Scyphomedusae (Phylum Cnidaria, Class Scyphozoa) are perceived as a nuisance due to
their sudden outbreaks that negatively affect human activities (particularly tourism and fisheries)
mainly because of their stings. A brief review of the history of scyphozoan blooms in the Mediterranean
and updated information available after 2010 point to an increase in scyphozoan outbreaks.
Whilst the negative effects on public health, aquaculture, coastal industrial activities and fisheries operations
are undeniable, the effects on the ecosystem are not well defined. We focus on the trophic interactions
between scyphomedusae and fish, highlighting that the negative effects of scyphomedusae
on fish stocks exerted through direct predation on early life stages of fish and competition for plankton are at present
speculative. In favor of a positive effect of scyphomedusae on fish populations, the reports of predation upon scyphozoans
are increasing, which suggests that predators may benefit from the availability of scyphozoans by shifting their diet toward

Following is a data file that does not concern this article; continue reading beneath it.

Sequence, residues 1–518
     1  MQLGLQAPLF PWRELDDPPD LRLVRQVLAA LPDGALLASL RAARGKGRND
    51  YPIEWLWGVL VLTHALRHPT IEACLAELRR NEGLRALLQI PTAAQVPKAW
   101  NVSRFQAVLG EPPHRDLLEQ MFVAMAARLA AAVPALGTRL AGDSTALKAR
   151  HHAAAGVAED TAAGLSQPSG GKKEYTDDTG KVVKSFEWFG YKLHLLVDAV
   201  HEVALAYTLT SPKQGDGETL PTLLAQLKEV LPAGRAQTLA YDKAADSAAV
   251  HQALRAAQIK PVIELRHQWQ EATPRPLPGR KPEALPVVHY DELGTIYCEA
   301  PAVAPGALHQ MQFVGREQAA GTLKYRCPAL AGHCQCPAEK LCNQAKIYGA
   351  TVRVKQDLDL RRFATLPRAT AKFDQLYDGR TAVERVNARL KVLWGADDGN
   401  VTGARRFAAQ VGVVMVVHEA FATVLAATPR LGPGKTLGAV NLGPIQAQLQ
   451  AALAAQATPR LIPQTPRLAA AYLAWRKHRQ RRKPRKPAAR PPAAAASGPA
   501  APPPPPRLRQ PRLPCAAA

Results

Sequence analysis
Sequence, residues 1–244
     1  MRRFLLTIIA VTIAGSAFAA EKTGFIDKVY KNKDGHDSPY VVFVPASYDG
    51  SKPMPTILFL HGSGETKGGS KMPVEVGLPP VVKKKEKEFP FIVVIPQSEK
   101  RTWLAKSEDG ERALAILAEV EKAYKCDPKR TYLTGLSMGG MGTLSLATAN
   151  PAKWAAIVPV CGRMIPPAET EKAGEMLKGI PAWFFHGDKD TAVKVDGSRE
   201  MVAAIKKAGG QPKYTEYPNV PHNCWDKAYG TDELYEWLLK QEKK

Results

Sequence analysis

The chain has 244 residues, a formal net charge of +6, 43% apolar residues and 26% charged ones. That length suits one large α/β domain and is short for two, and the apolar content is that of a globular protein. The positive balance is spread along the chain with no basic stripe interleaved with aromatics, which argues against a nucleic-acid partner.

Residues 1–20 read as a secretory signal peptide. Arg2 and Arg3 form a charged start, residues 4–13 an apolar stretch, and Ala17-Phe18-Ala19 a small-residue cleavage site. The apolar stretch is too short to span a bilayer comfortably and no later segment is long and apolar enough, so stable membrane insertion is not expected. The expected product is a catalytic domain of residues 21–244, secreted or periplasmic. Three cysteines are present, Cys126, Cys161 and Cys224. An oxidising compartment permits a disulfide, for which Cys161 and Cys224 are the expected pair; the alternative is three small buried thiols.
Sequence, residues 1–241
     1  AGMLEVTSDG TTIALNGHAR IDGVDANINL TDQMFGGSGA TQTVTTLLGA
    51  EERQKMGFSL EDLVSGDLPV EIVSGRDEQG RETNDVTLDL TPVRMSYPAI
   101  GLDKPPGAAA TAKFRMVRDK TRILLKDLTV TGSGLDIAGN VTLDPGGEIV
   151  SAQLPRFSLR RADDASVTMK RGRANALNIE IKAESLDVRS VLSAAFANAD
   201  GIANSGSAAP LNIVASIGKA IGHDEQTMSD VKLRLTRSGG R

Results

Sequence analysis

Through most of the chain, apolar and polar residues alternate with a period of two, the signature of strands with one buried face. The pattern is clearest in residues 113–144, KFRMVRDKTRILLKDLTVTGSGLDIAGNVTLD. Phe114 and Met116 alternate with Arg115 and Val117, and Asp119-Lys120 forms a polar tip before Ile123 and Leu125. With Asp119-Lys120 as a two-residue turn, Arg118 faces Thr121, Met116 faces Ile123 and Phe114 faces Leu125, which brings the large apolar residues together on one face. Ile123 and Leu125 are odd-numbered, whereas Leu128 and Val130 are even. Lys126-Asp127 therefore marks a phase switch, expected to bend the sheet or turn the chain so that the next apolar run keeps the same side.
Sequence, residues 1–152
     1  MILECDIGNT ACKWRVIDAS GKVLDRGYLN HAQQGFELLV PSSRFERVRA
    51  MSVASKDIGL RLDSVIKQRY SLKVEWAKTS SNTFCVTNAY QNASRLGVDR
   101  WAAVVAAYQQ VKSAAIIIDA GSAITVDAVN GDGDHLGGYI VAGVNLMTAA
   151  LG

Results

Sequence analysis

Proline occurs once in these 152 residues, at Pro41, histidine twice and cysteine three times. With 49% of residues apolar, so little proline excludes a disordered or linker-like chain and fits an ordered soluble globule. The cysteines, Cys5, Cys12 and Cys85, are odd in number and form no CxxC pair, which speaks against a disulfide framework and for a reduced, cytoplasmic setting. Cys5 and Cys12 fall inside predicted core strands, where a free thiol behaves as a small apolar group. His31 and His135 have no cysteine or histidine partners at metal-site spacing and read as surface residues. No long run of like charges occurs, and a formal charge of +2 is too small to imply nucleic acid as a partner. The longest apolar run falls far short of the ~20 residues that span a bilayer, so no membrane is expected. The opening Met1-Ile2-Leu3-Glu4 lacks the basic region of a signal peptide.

jelly prey. Additionally, scyphomedusae may provide nursery habitats to early life stages of ecologically and economically
important forage fishes and other organisms which shelter underneath their bells. Together with these
ecosystem services, compounds extracted from scyphozoan tissues and venoms are having a variety of biomedical
applications and are likely to contribute to treat a growing number of diseases, including cancer. Our analysis highlights
that a re-evaluation of the balance between "positive" and "negative" effects of scyphomedusae on the ecosystem and
human activities is needed and provides indications on potential directions for future studies.
Keywords: Blooms, competition, fisheries, jellyfish, predation, therapeutic applications, trophic interactions.
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